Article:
National Bullying Prevention Month: Chicago band The Fold starts GoFundMe campaign to sponsor bullying presentations in schools

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Fundraiser to benefit longtime bullying prevention nonprofit Stand for the Silent

Kirk Smalley, president of Stand for the Silent, has dedicated his life to teaching children about the dangers of bullying. A fundraiser started by the band The Fold aims to sponsor his presentations.

“Stand for the Silent’s message is similar to our music, which is about hope and optimism. We’re a band who says singling out somebody is not OK. Like Kirk says: ‘Students have a chance to change the world we live in by taking a stand against bullying, and taking a stand to help others.'"

Since 2011, Kirk Smalley, of Stand for the Silent, has spoken to more than 1 million children about the dangers of bullying. A leading Chicago-based band has started a Gofundme campaign for National Bullying Prevention Month to help him reach 1 million more.

The Fold, whose power pop rock is featured in the recently released “LEGO NINJAGO Movie,” hopes to raise $75,000 to bring a Stand for the Silent presentation to lower-income schools that would not otherwise be able to afford one. The campaign coincides with National Bullying Prevention Month, started in 2006 by PACER’s National Bullying Prevention Center.

“We were looking to get involved with a charity that shares our ideals, and that’s when we learned about SFTS,” said band member George Castady. “The more we found out about Kirk and his organization, the more we wanted to help them, because bullying touches so many lives, including in our own families.”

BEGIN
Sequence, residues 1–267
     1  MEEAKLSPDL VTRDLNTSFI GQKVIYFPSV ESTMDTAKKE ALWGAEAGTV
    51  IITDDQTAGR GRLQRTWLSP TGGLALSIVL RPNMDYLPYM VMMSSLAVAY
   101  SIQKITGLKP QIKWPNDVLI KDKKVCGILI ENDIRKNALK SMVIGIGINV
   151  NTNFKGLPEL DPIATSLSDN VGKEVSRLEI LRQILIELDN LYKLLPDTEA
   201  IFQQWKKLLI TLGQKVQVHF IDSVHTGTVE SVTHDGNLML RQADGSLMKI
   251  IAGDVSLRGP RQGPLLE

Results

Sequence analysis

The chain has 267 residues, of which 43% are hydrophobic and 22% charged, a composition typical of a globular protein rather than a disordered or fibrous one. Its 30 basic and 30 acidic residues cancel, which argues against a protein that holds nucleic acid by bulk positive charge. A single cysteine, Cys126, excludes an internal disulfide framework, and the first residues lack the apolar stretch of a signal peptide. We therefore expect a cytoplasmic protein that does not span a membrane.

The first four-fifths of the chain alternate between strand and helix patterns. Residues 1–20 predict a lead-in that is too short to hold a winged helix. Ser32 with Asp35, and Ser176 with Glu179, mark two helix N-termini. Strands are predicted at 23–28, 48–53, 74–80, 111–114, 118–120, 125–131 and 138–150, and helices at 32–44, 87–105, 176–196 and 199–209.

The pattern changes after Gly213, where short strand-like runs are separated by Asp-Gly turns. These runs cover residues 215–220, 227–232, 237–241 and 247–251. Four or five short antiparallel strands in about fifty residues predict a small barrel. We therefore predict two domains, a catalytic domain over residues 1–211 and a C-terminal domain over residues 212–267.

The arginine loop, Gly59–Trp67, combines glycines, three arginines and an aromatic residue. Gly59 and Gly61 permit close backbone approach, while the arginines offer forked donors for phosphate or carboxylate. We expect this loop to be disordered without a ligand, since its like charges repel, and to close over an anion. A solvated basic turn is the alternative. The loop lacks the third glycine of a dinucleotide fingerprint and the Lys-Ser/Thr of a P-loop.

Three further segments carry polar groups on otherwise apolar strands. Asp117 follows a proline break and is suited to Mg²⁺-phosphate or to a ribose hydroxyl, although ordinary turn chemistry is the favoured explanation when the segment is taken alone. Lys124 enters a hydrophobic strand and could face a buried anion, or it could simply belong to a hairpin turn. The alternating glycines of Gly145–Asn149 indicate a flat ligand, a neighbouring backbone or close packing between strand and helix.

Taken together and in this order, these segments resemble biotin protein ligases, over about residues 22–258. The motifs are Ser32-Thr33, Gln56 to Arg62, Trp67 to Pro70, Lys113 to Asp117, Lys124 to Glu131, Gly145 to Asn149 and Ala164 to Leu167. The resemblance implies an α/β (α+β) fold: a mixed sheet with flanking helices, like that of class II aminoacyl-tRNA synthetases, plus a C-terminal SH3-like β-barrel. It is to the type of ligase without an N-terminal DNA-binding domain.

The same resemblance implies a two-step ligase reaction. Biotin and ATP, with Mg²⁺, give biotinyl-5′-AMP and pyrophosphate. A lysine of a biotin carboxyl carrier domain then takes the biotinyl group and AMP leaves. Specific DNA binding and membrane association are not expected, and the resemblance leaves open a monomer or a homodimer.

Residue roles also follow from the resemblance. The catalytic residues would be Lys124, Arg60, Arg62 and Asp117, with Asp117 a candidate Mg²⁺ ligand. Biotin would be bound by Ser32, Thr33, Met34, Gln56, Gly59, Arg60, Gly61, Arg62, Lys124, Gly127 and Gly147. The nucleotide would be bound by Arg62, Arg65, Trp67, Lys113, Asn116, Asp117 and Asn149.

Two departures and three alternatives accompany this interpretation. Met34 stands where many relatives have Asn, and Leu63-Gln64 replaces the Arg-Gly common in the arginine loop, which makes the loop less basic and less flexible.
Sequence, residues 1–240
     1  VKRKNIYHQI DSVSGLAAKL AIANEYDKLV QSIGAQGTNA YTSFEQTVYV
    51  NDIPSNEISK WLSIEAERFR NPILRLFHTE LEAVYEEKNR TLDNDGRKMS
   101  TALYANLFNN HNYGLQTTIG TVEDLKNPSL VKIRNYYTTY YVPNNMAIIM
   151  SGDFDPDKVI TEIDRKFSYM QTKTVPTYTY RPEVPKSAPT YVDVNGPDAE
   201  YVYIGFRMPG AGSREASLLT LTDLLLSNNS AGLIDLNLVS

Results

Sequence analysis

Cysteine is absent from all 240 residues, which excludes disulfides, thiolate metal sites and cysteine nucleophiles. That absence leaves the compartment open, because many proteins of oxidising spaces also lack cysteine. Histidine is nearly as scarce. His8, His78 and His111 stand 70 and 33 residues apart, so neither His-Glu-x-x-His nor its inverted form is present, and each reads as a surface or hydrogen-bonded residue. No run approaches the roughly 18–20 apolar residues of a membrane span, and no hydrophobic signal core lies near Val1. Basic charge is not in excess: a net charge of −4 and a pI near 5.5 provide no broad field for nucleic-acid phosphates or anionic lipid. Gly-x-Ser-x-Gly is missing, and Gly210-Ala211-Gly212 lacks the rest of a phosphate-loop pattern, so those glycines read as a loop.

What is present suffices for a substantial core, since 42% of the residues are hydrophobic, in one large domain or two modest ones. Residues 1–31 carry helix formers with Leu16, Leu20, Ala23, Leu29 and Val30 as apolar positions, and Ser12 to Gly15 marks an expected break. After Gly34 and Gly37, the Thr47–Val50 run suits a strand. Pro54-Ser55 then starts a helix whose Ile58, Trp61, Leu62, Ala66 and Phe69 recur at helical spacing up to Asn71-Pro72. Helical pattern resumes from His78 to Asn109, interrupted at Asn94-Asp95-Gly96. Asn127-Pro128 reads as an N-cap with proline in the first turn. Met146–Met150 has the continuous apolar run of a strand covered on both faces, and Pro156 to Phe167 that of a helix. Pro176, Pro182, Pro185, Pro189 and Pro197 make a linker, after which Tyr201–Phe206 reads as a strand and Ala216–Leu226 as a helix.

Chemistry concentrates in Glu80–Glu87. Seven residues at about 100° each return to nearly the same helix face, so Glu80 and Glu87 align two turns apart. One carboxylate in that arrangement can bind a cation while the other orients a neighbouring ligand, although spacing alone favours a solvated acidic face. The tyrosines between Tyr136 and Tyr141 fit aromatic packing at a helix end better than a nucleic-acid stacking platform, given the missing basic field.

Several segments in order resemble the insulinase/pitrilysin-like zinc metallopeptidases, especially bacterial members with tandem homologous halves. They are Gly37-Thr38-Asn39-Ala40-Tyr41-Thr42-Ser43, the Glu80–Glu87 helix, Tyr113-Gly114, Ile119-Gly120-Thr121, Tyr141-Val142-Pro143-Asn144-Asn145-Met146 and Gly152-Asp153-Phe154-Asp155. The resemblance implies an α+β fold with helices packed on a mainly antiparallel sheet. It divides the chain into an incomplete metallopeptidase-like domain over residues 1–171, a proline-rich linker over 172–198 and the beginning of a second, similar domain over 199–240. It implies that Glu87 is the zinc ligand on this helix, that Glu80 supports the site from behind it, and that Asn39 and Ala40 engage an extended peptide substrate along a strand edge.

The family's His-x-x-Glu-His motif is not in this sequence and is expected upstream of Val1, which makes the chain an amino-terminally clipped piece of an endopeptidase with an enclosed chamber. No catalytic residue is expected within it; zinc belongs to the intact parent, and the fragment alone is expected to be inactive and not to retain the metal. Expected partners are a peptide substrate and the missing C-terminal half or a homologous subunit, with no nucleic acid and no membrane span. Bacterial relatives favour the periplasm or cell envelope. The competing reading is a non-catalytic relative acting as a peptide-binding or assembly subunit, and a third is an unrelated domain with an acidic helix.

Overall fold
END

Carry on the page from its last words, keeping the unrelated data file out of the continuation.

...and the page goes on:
Smalley and his wife, Laura, have dedicated their lives to bullying prevention after their 11-year-old son, Ty, committed suicide after years of being bullied. Since 2011, Kirk has told his family’s story in a powerful, moving presentation that has reached more than 1,300 schools. He’s on the road more than 300 days a year. Schools across the country have started their own Stand for the Silent chapters after hearing Smalley speak.

Smalley’s message to children is simple: “You ARE somebody.” To help him along in his presentation, Kirk encourages them to make the hand sign for “I love you.” Students sign a pledge that reads in part: “I pledge to lift up those victims and show them that their life matters.” Smalley has received thousands of messages of support from students, including from those who said they were considering suicide before they saw Kirk speak.

Castady said the band saw something familiar in Smalley’s nonprofit. “Stand for the Silent’s message is similar to our music, which is about hope and optimism,” Castady said. “We’re a band who says singling out somebody is not OK. Like Kirk says: ‘Students have a chance to change the world we live in by taking a stand against bullying, and taking a stand to help others.’”

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J.R. Williams
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